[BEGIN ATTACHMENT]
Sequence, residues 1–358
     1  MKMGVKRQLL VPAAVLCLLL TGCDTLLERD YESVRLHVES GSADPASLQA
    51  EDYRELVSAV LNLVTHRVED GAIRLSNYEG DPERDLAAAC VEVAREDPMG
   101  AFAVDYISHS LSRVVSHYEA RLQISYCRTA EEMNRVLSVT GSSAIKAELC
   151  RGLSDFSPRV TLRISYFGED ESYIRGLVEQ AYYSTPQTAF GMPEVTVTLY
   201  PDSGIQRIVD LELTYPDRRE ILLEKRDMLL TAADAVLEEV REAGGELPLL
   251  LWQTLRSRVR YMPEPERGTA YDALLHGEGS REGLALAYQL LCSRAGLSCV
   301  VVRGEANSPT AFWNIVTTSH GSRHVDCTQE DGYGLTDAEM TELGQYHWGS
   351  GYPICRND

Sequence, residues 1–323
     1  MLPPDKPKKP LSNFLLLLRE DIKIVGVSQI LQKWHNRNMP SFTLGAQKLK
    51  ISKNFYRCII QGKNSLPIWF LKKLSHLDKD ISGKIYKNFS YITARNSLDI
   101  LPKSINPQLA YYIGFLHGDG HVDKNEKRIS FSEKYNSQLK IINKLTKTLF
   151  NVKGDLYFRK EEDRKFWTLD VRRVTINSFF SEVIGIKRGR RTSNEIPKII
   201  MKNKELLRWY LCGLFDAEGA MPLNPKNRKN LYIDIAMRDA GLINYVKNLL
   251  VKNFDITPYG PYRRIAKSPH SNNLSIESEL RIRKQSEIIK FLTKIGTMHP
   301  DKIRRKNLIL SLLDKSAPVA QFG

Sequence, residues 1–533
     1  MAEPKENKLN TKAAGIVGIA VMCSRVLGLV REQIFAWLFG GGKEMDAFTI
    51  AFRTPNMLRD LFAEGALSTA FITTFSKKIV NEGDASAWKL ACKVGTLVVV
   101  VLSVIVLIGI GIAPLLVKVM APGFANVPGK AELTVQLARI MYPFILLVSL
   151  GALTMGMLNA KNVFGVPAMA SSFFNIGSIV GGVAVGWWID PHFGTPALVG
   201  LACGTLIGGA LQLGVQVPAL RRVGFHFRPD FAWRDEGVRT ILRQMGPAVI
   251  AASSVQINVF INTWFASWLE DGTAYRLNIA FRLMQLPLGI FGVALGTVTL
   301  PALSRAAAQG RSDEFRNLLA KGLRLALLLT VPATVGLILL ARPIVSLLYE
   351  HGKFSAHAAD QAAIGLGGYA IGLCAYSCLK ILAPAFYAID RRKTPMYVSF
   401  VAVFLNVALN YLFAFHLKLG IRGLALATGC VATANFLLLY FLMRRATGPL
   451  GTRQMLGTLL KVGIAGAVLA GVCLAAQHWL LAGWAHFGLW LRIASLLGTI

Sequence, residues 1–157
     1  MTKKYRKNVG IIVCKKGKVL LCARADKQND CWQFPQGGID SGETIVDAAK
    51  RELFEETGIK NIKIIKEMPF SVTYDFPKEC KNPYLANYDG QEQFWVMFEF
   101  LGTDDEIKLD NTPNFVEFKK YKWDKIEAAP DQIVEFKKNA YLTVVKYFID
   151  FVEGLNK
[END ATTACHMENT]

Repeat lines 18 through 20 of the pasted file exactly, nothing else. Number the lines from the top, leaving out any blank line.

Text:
Sequence, residues 1–533
     1  MAEPKENKLN TKAAGIVGIA VMCSRVLGLV REQIFAWLFG GGKEMDAFTI
    51  AFRTPNMLRD LFAEGALSTA FITTFSKKIV NEGDASAWKL ACKVGTLVVV